Jonas Votaw House, also known as the Votaw-Jacqua House, is a historic home located at Portland, Jay County, Indiana. It was built in 1875, and is a two-story, Italianate style brick dwelling, with additions built in 1925 and 1978. It sits on a stone foundation and has a cross-gable roof. It features an overhanging eaves with cornice, pedimented entrance, and segmental arched windows.
Crawford-Whitehead-Ross House is a historic home located at Madison, Jefferson County, Indiana. It was built about 1833, and is a two-story, Federal style brick dwelling with a side hall plan. The house was enlarged about 1852-1853 modified about 1871 in the Italianate style with the addition of metal window detailing and an elaborate cornice.
Pullman–Standard Historic District is a national historic district located at Hammond, Lake County, Indiana. The district encompasses 121 contributing buildings and 2 contributing sites in a predominantly residential section of Hammond. It developed between about 1916 and 1918, with some later additions, and includes notable example of Colonial Revival and Bungalow / American Craftsman styles of residential architecture. Most of the homes were originally constructed by the United States Housing Corporation as Industrial Housing Project No. 457. There are three main housing types: Single-family dwellings, duplexes, and quadplexes.
Brick Chapel United Methodist Church, also known as Montgomery Chapel, is a historic Methodist church located in Monroe Township, Putnam County, Indiana. The church was built in 1872, and extensively remodeled in 1912 in the Renaissance Revival style. A Sunday School addition was built in 1956. It features a large stained glass window, recessed arches, and an entrance tower. Also on the property is the contributing church cemetery established in 1839, with over 2,000 burials.
Johnson–Denny House, also known as the Johnson-Manfredi House, is a historic home located at Indianapolis, Marion County, Indiana. It was built in 1862, and is a two-story, five bay, "T"-shaped, frame dwelling with Italianate style design elements. It has a bracketed gable roof and a two-story rear addition. It features a vestibule added in 1920. Also on the property is a contributing 1 1/2-story garage, originally built as a carriage house. It was originally built by Oliver Johnson, noted for the Oliver Johnson's Woods Historic District.
North Meridian Street Historic District is a national historic district located at Indianapolis, Indiana. It encompasses 169 contributing buildings in a high style residential section of Indianapolis. The district developed between about 1900 and 1936, and includes representative examples of Tudor Revival, Colonial Revival, and Classical Revival style architecture. Located in the district is the separately listed William N. Thompson House. Other notable contributing resources include the Evan-Blankenbaker House (1901), Sears-Townsend House (1930), MacGill-Wemmer House, Hugh Love House (1930), Hare-Tarkington House (1911), Shea House (1922), and Brant-Weinhardt House (1932).
Emerson Avenue Addition Historic District, also known as Emerson Heights Addition and Charles M. Cross Trust Clifford Avenue Addition, is a national historic district located at Indianapolis, Indiana. It encompasses 1,000 contributing buildings and 9 contributing objects in a planned residential section of Indianapolis. The district developed between about 1910 and 1949, and includes representative examples of Tudor Revival, Colonial Revival, and Bungalow / American Craftsman style residential architecture.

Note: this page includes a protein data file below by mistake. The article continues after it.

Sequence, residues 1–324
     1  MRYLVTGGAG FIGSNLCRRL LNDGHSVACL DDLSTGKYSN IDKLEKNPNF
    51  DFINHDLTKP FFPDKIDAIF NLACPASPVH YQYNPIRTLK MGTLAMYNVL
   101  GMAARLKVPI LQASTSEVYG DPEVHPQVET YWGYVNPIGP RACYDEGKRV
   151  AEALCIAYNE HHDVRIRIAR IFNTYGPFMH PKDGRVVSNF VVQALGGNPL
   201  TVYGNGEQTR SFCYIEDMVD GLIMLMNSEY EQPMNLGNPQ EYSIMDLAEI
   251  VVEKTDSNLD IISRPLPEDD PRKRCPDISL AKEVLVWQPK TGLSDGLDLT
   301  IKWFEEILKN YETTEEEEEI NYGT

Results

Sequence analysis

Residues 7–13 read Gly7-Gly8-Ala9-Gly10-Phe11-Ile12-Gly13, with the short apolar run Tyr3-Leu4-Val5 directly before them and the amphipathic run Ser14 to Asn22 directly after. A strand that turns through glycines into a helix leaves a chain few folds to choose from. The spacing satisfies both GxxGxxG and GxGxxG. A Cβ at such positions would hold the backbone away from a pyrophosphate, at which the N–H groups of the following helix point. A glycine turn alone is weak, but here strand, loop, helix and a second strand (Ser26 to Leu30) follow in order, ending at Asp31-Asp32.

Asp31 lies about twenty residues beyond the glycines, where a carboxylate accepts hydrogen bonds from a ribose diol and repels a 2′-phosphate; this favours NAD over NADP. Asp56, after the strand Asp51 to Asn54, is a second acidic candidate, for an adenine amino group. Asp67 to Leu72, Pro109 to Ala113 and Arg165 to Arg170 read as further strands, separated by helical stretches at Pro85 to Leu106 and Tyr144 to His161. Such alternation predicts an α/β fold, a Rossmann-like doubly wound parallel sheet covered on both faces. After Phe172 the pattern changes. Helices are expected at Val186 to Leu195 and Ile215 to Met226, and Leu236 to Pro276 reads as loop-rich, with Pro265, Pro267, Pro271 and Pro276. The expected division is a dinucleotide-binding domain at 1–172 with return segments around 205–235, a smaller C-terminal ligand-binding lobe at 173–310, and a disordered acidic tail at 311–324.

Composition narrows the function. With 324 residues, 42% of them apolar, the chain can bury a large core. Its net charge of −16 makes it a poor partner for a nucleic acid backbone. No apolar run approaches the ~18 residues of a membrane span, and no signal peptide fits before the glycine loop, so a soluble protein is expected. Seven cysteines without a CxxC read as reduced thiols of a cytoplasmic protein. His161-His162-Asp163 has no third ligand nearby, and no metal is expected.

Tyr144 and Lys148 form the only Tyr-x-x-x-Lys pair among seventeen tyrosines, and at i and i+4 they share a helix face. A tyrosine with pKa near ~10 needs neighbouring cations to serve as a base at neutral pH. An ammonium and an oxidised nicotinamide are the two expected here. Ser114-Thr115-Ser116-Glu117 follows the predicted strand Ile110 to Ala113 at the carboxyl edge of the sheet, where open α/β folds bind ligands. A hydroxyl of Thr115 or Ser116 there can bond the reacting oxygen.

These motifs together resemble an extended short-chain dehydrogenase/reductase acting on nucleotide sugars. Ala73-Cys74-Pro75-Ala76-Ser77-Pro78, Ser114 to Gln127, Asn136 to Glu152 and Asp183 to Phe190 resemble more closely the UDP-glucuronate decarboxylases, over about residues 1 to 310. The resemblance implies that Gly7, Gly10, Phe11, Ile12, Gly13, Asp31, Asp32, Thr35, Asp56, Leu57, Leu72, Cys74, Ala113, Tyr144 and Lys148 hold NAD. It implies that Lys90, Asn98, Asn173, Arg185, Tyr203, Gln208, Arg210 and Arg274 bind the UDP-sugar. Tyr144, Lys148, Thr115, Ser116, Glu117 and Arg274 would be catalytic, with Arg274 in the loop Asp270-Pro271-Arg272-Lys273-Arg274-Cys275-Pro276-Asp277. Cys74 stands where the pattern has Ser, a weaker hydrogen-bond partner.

August Sommer House is a historic home located at Indianapolis, Indiana. It was built in 1880, and is a two-story, three bay, Italianate style brick dwelling with rear addition. It sits on an ashlar limestone foundation and has segmental arched windows and a low hipped roof. It features a full-with front porch with cut-work detail. It has been converted to commercial uses.
Calvin I. Fletcher House is a historic home located at Indianapolis, Indiana. It was built in 1895, and is a 2 1/2-story, Queen Anne style brick dwelling on a limestone foundation. It has an elaborate hipped roof with gabled dormers. It features an eight-sided corner tower with pointed arched windows on each side. Also on the property is a contributing carriage house.
Benjamin Franklin Public School Number 36 is a historic school building located at Indianapolis, Indiana. It was built in 1896, and is a two-story, cubical, Romanesque Revival style brick building with a two-story addition built in 1959. It sits on a raised basement and has a hipped roof with extended eaves. The front facade features a central tower and large, fully arched, triple window. The building has been converted to apartments.
Flanner House Homes is a national historic district located at Indianapolis, Indiana. The district encompasses 180 contributing buildings in the Project Area "A" of Indianapolis. It was developed between about 1950 and 1959, and include single family and duplex dwellings for African-American families. Notable buildings include the Revival Temple Church.
Ransom Place Historic District is a national historic district located at Indianapolis, Indiana. The district encompasses 74 contributing buildings in a historically African-American residential section of Indianapolis. It was developed between about 1890 and 1942, and include representative examples of Queen Anne style architecture. Notable buildings include the Light of the World Christian Church (1910).
St. Philip Neri Parish Historic District is a historic Roman Catholic church complex and national historic district located at Indianapolis, Indiana. The district encompasses five contributing buildings: the church, rectory, former convent and school, school, and boiler house / garage. The church was built in 1909, and is a Romanesque Revival brick church with limestone trim. It features two- and three-story crenellated corner towers, a rose window with flanking round arched windows, and Doric order columns flanking the main entrance.